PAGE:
Farm bill negotiators to take up COOL repeal
By Meatingplace Editors on 11/4/2013
A House-Senate conference committee will look at a repeal of the country of origin labeling (COOL) rule as members work to draft a final version of the U.S. farm bill, Reuters reported.
Senator Pat Roberts (R-Kan.) said he would support a House provision under development that is expected to be a repeal clause for COOL, according to the article.
Senate Agriculture Committee Chairwoman Debbie Stabenow (D-Mich.) was quoted as saying COOL "clearly is one of the issues" on the farm bill agenda.
House Agriculture Committee Chairman Frank Lucas (R-Okla.) expressed concern that country of origin labeling rules could lead to retaliation from U.S. trading partners.
“I am hopeful that working together we can prevent the imposition of tariffs on a wide array of products important to many states,” Lucas said in remarks prepared for the committee’s opening session this week.
Tyson Foods last week said it has stopped buying Canadian cattle for shipment to its U.S. beef plants, saying COOL significantly increases costs, and the company does not have enough warehouse space to accommodate additional products required due to different types of labels.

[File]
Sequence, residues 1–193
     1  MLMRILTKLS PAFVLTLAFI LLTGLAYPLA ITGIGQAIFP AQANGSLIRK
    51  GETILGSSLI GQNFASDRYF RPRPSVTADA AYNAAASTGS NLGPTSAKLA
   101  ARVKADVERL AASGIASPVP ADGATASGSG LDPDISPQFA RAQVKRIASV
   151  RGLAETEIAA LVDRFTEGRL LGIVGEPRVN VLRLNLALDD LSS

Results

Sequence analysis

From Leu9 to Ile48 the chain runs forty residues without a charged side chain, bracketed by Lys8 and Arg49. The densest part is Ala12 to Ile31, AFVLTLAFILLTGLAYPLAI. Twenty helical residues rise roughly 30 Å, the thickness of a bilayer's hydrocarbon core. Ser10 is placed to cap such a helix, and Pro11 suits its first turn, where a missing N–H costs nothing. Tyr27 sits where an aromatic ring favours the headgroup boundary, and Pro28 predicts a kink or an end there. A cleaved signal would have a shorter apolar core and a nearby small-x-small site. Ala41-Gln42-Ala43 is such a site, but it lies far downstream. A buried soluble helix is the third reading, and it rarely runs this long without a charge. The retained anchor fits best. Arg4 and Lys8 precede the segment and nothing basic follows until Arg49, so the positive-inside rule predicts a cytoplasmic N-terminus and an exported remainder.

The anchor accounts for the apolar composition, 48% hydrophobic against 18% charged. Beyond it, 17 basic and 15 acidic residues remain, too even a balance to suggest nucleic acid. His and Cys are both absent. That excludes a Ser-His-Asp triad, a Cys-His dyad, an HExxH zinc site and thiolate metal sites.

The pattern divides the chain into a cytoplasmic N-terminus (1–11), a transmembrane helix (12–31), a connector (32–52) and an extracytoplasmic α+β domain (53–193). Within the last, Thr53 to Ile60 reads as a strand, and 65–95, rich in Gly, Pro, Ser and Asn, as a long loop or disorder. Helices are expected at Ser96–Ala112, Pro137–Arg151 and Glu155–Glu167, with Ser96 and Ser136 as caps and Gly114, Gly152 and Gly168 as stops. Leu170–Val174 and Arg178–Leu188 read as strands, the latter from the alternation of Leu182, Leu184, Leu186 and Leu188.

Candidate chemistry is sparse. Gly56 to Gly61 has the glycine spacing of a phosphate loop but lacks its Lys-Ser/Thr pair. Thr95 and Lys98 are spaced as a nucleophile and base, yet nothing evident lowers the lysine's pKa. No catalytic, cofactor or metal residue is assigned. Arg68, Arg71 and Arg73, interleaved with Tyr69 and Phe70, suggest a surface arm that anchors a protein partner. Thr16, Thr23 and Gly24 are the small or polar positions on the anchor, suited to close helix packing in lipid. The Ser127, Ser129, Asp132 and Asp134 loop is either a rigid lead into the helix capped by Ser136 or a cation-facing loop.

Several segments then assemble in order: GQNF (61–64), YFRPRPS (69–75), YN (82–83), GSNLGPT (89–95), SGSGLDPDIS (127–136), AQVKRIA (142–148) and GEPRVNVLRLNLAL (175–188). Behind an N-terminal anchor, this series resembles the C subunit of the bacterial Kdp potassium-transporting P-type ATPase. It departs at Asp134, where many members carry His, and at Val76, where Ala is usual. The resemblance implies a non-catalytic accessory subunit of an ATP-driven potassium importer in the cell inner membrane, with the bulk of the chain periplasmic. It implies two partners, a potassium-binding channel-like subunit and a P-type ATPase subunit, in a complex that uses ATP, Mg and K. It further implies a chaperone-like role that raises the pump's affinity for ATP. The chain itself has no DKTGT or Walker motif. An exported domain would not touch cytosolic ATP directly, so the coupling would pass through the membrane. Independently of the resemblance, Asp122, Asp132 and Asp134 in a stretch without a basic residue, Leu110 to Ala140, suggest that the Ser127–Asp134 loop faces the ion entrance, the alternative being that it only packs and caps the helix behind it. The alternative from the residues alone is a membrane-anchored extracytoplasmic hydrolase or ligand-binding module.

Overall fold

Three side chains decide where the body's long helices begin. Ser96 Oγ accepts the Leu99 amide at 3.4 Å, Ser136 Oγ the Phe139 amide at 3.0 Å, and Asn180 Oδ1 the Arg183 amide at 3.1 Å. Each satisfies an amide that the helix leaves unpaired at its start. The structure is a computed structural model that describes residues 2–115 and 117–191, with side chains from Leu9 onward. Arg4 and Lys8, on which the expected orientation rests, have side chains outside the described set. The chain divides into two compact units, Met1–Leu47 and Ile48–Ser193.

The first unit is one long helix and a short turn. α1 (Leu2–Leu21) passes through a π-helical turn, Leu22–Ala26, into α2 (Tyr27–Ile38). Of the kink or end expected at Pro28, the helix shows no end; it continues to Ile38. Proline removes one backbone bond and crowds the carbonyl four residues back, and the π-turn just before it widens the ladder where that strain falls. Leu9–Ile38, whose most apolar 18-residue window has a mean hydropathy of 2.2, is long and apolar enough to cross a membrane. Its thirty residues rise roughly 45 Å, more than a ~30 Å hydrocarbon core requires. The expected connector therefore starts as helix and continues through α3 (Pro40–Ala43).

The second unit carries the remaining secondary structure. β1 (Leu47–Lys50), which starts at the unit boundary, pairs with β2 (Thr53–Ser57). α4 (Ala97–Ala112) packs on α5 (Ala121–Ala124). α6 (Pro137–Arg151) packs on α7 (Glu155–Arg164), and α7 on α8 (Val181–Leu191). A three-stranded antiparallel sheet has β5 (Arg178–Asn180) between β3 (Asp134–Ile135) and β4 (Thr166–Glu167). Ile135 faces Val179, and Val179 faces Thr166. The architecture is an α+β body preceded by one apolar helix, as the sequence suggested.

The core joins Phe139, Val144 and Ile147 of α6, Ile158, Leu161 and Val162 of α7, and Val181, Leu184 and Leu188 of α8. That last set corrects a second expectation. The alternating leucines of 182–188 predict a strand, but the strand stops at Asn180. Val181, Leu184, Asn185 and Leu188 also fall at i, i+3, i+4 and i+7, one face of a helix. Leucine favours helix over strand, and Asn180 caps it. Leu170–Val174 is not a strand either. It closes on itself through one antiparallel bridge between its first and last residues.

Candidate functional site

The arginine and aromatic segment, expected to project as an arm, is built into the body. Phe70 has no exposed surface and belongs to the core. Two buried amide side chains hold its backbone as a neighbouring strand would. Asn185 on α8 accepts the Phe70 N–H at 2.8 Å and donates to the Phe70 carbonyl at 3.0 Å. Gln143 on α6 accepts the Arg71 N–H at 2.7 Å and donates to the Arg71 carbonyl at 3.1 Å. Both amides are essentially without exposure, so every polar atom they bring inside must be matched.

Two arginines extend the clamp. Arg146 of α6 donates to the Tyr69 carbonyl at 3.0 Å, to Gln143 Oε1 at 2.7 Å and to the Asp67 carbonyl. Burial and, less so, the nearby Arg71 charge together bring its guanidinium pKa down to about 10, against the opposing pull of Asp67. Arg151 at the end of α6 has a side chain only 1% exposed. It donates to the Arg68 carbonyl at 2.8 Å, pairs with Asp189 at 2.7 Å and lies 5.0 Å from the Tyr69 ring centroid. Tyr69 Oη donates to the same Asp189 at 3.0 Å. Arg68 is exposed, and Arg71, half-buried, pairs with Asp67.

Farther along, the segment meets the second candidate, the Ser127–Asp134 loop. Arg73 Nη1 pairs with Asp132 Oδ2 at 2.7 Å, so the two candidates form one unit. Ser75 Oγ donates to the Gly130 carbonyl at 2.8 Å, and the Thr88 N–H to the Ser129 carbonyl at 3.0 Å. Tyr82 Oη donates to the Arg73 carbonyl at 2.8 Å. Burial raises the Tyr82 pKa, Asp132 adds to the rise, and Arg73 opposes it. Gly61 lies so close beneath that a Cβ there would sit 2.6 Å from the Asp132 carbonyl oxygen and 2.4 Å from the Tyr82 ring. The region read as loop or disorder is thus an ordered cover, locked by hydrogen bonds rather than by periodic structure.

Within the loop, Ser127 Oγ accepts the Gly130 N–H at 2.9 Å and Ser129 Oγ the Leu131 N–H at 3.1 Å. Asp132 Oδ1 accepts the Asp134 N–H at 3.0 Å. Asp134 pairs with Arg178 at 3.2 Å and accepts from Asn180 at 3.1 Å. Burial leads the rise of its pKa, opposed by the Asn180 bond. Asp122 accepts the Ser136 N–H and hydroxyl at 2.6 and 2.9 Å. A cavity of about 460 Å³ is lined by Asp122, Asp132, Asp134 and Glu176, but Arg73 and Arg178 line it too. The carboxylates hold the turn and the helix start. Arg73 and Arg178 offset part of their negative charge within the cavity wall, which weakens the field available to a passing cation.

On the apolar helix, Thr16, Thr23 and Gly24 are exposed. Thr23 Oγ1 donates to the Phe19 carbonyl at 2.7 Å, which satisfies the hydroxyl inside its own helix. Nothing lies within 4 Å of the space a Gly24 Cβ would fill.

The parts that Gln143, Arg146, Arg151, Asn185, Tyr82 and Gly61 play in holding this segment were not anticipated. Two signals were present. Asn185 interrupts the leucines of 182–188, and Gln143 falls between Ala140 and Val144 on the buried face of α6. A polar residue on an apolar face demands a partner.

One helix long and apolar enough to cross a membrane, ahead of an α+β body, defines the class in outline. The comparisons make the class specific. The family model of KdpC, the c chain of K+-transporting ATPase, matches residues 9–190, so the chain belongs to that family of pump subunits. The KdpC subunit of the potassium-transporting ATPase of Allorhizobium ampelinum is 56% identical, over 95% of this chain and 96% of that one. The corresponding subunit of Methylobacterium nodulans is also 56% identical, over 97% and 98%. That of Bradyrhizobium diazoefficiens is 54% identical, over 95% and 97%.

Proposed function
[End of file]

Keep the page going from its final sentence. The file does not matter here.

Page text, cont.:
Canada has asked the World Trade Organization to review COOL, which the country says has hurt Canadian cattle and hog farmers.
Groups representing the U.S., Canadian and Mexican meat and livestock industries are seeking a preliminary injunction to block USDA from implementing the rule, which was finalized in May and requires information on the source of meat to be included on package labels.
Consumer and farm groups supporting COOL, including the U.S. Cattlemen’s Association and National Farmers Union, on Wednesday sent a letter to farm bill conferees urging them to ignore calls for changing the law.